Global Investing

Using sterling to buy emerging markets

March 20, 2013

Sterling looks likely to be one of this year’s big G10 currency casualties (the other being  yen).  Having lost 7 percent against the dollar and 5.5 percent to the euro so far this year on fear of a British triple-dip recession, sterling probably has further to fall.  (see here for my colleague Anirban Nag’s take on sterling’s outlook).

Aussie: reserve managers’ new favourite

August 10, 2012

Lucky Australia. In a world of slowing economic growth its central bank today raised forecasts for 2012 GDP growth by a half point to 3.5 percent. That’s down to a mining boom, driven of course by China. But there’s a downside. Australia’s currency, the dollar (or affectionately, the Aussie), has steadily risen in recent years, and is up 3 percent versus the U.S. dollar this year. Unsurprisingly, the Reserve Bank of Australia tempered its good news on growth with a warning over the Aussie’s gains.

Research Radar: Beyond Hollande and Holland…

April 24, 2012

Markets have been dominated this week so far by the fallout from Sunday’s French presidential election, where Socialist Francois Hollande now looks set to beat incumbent conservative Nicolas Sarkozy in the May 6 runoff , and the collapse of the ruling Dutch coalition on Monday.  Public anxiety about budgetary austerity in Europe was further reinforced by news on Monday of a deepening of the euro zone private sector contraction in April. That said, euro equity, bond and currency prices have stabilised relatively quickly even if implied volatility has increased as investors brace for another month or so of political heat in the single currency bloc. The French runoff is now on the same day as the Greek elections and May 31 sees Ireland going to the polls to vote on the EU’s new fiscal compact.  Wall St’s volatility gauge, the ViX, is back up toward 20% — better reflecting longer term averages — and relatively risky assets such as emerging market equities remain on the back foot. The euro political heat and slightly slower Q2 world growth pulse will likely keep markets subdued and jittery until mid year at least. At that point, another cyclical upswing in world manufacturing together with the passing of the EBA’s euro bank recapitalisation deadline as well as the introduction of the new European Stability Mechanism may well encourage investors to return at better levels.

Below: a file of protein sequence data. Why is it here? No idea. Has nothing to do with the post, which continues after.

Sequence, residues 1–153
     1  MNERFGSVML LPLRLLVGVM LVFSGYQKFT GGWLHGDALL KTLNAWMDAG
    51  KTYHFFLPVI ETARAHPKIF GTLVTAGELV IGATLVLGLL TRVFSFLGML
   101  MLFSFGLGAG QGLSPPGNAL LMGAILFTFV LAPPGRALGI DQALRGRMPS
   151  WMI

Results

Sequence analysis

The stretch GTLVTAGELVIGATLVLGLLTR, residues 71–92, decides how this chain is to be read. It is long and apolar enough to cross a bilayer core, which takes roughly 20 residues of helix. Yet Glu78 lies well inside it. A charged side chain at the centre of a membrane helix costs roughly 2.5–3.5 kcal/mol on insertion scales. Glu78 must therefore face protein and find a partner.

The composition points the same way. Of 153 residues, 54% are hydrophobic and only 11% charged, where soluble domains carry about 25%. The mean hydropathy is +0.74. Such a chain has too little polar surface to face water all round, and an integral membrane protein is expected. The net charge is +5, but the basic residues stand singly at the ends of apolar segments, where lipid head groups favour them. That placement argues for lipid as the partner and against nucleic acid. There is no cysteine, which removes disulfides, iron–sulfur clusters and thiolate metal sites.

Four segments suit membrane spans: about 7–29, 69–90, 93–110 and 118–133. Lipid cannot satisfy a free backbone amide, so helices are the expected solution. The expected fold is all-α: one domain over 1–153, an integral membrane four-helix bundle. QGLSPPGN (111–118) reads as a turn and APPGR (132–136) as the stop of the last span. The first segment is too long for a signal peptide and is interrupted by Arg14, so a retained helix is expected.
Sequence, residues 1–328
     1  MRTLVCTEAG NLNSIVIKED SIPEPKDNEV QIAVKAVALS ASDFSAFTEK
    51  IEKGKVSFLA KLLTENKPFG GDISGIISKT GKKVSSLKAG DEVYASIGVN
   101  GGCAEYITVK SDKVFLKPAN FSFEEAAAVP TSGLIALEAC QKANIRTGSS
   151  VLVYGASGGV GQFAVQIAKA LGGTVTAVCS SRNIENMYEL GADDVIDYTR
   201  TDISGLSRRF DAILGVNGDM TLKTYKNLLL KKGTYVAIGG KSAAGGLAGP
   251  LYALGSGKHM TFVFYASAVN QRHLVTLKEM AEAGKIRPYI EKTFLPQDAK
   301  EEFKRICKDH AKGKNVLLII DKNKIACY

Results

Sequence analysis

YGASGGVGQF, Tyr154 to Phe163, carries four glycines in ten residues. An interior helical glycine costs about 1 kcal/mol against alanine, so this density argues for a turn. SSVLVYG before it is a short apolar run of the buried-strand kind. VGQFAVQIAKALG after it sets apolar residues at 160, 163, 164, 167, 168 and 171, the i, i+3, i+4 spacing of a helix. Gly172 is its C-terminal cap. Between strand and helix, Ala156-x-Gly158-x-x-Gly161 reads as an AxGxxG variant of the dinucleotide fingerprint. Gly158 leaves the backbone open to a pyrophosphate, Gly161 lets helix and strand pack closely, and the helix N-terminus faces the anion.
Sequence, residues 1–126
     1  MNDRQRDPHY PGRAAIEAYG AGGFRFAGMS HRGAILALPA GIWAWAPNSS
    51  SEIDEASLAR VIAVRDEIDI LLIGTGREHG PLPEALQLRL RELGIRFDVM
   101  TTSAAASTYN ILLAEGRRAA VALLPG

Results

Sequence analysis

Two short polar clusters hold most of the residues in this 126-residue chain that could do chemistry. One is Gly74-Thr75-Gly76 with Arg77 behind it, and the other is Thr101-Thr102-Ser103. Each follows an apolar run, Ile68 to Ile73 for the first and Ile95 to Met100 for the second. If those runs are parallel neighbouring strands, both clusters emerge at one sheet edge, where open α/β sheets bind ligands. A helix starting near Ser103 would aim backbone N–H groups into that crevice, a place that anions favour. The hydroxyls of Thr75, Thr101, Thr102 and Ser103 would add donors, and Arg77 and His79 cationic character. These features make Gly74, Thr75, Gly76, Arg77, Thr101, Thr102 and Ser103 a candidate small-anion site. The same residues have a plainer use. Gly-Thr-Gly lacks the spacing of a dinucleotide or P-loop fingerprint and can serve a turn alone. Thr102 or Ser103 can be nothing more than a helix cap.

Calculating euro breakup shocks

February 6, 2012

Euro breakup risks, although subsiding, are still high on investor minds.

Almost one in two fund managers surveyed by Bank of America Merrill Lynch last month said they expect a euro zone country to leave the monetary union.

Pity Poor Pound

October 14, 2009

Britain’s pound has long been the whipping boy of notoriously fickle currency markets, but there are worrying signs that it’s not just hedge funds and speculators who have lost faith in sterling. Reuters FX columnist Neal Kimberley neatly illustrated yesterday just how poor sentiment toward sterling in the dealing rooms has become and the graphic below (on the sharp buildup of speculative ‘short’ positsions seen in U.S. Commodity Futures Trading Commission data) shows how deeply that negative view has become entrenched.              

from MacroScope:

Rip-off Britain or the cost of cheaper sterling?

February 17, 2009

Inflation is plunging faster than analysts are forecasting just about everywhere in the developed world. Except for Britain. Those accustomed to high prices and inflation-busting increases in tube and rail fares at the start of every year were probably not surprised.

from Davos Notebook:

London — warmer and cheaper

January 29, 2009

London is cheaper and warmer, at least compared with Davos, says London Mayor Boris Johnson.

Wish I hadn’t said that…

January 21, 2009

As sterling sinks to a 7-1/2 year low against the dollar, traders and investors are wondering who was the established political figure that made the following comments when Britain was kicked out of the Exchange Rate Mechanism in 1992.